Parents Are Unhappy With School’s Response To 5th-Grader’s ‘Kill List’

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“We believe that the school is safe, and there's a lot that goes into saying that a school is safe.”

A fifth-grade student at Lake Mathews Elementary School in Riverside, California, created a kill list containing 60 names of his fellow students. He was suspended for two days for bringing the list.

The school’s principal, Pamela Williams, said officials looked into the matter and concluded that no one at the school was in danger. She added appropriate steps were taken to hold the student accountable and that procedures were in place to monitor and support students who exhibit such behavior.

A letter sent to parents read, “The well-being and safety of our students is central to our mission at Lake Mathews Elementary, and we are confident that the steps we have taken support this mission.”

 

 

However, the school is now facing backlash from parents as they feel the punishment for the boy is not strong enough. Parents are alarmed with the situation and they vow to keep their children home until he is expelled. 

A meeting was arranged by the school officials where parents’ concerns were addressed.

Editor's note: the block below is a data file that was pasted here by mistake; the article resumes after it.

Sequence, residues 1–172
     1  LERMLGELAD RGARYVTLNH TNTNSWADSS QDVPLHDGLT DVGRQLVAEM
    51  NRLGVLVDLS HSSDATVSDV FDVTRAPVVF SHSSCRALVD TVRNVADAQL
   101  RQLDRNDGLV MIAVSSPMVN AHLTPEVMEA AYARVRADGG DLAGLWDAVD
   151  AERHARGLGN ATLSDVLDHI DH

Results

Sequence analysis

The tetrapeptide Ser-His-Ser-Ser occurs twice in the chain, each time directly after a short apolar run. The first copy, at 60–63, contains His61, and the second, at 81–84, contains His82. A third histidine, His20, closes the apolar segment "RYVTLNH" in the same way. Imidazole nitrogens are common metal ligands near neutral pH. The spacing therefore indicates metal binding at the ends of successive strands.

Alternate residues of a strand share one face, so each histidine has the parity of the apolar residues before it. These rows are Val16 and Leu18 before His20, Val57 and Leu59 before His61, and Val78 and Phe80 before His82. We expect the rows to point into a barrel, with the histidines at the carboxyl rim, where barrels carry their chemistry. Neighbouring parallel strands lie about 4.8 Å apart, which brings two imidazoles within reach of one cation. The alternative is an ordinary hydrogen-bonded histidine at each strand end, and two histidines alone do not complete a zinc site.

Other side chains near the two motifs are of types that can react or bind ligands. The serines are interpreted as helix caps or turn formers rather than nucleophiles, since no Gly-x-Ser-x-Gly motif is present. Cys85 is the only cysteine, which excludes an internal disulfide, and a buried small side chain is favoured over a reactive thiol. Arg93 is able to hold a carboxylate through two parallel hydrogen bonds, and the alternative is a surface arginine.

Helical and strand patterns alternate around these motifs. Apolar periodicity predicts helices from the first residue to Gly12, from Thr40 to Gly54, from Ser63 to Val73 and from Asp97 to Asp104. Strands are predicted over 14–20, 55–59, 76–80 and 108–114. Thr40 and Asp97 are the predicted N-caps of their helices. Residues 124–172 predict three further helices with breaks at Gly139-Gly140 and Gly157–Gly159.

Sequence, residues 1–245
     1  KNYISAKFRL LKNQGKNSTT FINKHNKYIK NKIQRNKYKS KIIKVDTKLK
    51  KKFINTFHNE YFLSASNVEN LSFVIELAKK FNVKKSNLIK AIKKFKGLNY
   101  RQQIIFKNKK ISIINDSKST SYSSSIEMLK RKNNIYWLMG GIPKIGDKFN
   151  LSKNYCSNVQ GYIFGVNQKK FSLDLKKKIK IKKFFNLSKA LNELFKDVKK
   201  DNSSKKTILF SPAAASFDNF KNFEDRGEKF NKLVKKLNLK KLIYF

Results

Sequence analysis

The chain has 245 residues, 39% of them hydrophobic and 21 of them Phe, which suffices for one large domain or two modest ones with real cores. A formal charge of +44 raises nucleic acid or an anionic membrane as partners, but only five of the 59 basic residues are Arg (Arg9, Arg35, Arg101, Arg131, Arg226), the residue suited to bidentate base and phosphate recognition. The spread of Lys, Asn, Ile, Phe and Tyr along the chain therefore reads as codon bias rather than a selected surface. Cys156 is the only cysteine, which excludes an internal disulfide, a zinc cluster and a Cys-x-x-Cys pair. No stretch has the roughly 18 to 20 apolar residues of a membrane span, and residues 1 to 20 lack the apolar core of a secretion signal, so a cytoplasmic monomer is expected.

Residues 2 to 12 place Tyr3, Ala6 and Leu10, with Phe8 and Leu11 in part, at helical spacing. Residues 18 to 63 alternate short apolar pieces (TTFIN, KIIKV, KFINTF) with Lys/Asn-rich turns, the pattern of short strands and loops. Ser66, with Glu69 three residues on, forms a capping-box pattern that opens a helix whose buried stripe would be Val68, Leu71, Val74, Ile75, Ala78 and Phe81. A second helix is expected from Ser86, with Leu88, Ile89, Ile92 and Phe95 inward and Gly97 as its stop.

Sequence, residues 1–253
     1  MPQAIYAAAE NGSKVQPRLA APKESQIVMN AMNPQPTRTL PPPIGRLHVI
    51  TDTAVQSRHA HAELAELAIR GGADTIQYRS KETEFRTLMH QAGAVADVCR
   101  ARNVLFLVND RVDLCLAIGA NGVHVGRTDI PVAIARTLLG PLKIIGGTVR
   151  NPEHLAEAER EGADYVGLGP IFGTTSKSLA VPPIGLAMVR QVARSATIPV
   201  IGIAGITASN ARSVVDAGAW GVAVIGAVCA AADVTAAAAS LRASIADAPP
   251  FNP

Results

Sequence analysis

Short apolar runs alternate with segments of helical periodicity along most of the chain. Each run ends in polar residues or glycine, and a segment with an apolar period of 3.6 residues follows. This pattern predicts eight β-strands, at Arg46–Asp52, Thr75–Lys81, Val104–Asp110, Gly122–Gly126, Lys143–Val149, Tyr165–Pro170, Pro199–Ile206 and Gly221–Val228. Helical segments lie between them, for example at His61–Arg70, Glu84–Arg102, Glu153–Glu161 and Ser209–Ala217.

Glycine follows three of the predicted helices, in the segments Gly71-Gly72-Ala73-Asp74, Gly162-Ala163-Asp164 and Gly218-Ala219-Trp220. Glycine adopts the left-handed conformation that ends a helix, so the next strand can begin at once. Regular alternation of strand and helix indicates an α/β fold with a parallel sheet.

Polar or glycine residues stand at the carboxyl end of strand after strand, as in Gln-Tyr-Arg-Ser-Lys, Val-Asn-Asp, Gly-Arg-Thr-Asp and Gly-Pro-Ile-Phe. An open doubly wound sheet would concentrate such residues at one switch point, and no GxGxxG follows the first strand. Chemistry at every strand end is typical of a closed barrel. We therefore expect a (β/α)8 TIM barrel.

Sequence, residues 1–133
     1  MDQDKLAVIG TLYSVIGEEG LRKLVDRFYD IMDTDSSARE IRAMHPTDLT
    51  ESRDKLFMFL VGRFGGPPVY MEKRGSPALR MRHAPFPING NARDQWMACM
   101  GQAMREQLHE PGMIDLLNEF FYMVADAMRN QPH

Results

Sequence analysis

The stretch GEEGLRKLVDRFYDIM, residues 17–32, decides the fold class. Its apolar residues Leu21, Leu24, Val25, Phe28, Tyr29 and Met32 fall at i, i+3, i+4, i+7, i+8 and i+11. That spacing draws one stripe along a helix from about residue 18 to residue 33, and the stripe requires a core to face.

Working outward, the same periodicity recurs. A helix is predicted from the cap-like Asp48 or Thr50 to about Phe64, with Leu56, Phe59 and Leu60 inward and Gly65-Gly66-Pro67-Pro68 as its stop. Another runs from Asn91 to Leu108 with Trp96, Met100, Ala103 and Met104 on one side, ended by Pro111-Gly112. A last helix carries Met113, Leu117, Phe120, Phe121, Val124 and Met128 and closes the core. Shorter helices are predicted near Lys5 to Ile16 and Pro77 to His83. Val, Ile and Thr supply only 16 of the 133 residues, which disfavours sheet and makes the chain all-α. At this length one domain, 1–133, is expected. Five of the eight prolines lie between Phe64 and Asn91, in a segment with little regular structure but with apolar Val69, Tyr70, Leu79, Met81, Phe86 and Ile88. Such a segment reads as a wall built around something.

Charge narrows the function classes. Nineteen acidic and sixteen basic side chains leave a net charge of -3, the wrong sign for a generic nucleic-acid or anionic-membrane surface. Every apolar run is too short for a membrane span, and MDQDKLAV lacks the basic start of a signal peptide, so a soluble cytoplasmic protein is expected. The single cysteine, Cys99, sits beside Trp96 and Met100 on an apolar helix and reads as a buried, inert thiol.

“I do have compassion since he’s a child. I’m hoping he gets whatever helps he needs to get, but we also have to be aware that things happen," said parent Evelyn Artavia.

“It’s very upsetting. I understand that kids will be kids, but this is not acceptable,” said another parent.

“I don't know what protocols they follow, how do they determine that it's all right for him to go back to school. That's why I was here hoping to get some answers, but obviously they don't have any answers for any of us,” said one mother.

Another worried father said he will not take any chances with his daughter.

“She’s gonna miss her Honor Band, she’s gonna miss all sorts of stuff. She’s an honors student and we just do not feel safe sending her back to that school right now,” said the father.

Sgt. Chris Durham with the Riverside County Sheriff's Department revealed that he agreed with the school's assessment of the situation.

“Ultimately through the investigation we determined a crime did not occur and the child did not have means or access to any guns or weapons of that nature,” he added.

Attendance fell significantly at the nearly 900-student campus after the incident. California’s education law states that a pupil may be suspended or expelled if a principal or superintendent determines a student has caused, attempted to cause or threatened to cause physical injury to another person.

Banner/Thumbnail Credit: Reuters

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